They are good at managing priorities to reflect the company’s objectives. Their thinking goes like this: “Here’s what I am going to do today. This task is a top priority not because it is the project I want most to clear from my desk, or because someone is pressing me to do it, but because it will draw the straightest line between my work and the company’s goals.”

They are skilled at balancing the quality/quantity equation that is inherent in all work. For example, a well-intentioned but relatively unproductive employee may take pride in saying, “I always do everything perfectly.” When management counters that the quest for perfection caused the company to miss the deadline for a key delivery, he returns to the same myopic theme: “Yes, but you have to admit my work was done beautifully.”

Recognising instinctively that this is unacceptable, the best performers strive to achieve the delicate balance between quality and quantity. This means doing the best work in the time frame and the quantities required to meet the customer’s expectations and the company’s strategic goals.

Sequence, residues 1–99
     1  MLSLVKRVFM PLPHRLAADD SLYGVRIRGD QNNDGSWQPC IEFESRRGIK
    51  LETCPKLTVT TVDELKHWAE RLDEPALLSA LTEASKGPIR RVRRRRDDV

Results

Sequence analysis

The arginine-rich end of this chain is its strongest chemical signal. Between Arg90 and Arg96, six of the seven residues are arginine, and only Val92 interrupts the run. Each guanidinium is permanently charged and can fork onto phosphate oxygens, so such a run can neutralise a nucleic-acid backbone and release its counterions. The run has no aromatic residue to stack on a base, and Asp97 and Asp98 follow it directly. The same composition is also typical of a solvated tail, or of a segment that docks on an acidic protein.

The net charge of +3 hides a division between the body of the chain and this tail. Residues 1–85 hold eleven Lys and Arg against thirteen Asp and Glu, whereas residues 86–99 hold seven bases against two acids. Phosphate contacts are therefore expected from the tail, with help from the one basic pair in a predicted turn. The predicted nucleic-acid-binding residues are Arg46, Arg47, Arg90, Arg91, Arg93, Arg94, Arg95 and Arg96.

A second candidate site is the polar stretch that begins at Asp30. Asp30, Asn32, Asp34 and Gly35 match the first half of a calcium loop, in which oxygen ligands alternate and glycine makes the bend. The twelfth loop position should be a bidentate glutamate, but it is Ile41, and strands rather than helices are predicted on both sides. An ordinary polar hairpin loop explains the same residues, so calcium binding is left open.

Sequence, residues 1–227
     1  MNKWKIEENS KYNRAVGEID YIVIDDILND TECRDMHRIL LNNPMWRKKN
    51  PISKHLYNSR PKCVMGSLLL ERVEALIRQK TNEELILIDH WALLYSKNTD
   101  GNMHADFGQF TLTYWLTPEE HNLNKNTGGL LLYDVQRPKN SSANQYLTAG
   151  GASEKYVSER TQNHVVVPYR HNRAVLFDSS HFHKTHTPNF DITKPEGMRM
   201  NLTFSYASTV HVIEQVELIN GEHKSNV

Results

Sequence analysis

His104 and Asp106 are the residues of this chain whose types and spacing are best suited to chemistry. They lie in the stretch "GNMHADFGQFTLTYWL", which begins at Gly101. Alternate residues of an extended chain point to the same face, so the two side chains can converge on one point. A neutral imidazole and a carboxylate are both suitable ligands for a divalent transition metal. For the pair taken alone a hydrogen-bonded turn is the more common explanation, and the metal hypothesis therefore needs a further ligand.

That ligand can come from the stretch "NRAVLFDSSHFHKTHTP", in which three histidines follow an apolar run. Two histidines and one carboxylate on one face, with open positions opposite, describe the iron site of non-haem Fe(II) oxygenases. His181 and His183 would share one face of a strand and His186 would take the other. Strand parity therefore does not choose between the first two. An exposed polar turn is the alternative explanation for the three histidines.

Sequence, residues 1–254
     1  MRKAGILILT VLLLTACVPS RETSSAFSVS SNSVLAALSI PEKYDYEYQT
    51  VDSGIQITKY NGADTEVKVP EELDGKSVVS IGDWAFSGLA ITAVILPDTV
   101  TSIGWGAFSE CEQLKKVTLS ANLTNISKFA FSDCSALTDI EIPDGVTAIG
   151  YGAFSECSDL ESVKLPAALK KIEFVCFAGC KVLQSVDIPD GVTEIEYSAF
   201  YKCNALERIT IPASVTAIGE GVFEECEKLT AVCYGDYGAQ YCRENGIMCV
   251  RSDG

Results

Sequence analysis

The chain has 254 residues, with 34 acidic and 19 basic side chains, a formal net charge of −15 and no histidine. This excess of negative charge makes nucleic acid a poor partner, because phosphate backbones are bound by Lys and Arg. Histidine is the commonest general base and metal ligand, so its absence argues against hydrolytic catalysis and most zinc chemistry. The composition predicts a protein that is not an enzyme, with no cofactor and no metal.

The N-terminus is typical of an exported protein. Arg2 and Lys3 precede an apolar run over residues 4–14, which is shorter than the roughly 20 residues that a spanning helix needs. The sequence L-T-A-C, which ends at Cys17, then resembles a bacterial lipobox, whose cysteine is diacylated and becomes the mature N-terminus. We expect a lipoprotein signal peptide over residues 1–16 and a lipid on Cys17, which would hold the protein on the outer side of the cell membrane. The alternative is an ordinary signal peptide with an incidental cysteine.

They take ownership of the projects and responsibilities assigned to them. Superior performers have a “can do” attitude. They rarely shun responsibility. Instead, they consider completion of a project to be a personal responsibility, and they work to influence others along the assembly line to help achieve stated goals (which, as we have noted, are always linked to the company’s objectives). Assume, for example, that your IT manager is asked to produce monthly reports tracking the company’s sales trends. Soon after the manager sets out to generate the data, he faces a roadblock: an administrator in the sales department is reluctant to release the necessary reports on a timely basis. Rather than pointing a finger at the administrator and taking a “don’t blame me” attitude, the IT manager goes through back channels to tap new sources of data, making certain that the reports are produced on time. Because he “owned” the project, he refused to let it be derailed. This resourcefulness and determination makes the super performer an unstoppable and powerful force for increased productivity.

The first steps in becoming a great leader, manager or supervisor is first we must decide what it is we are going to grow, make or process.

All work should begin with the end in mind.